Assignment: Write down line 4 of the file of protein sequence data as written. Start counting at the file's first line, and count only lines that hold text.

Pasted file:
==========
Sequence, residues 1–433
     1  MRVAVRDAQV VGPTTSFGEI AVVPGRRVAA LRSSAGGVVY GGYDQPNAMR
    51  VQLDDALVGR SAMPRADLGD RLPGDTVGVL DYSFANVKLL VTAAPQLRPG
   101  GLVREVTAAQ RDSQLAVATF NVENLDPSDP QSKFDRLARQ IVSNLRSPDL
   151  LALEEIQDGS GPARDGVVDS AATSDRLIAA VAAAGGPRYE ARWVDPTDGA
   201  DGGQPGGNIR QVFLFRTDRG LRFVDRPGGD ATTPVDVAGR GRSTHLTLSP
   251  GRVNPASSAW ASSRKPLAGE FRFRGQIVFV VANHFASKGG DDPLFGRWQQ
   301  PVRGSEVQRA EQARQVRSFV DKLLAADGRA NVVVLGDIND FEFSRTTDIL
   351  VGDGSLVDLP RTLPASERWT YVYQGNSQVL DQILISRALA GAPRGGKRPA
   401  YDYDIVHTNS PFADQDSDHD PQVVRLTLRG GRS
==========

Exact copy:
   101  GLVREVTAAQ RDSQLAVATF NVENLDPSDP QSKFDRLARQ IVSNLRSPDL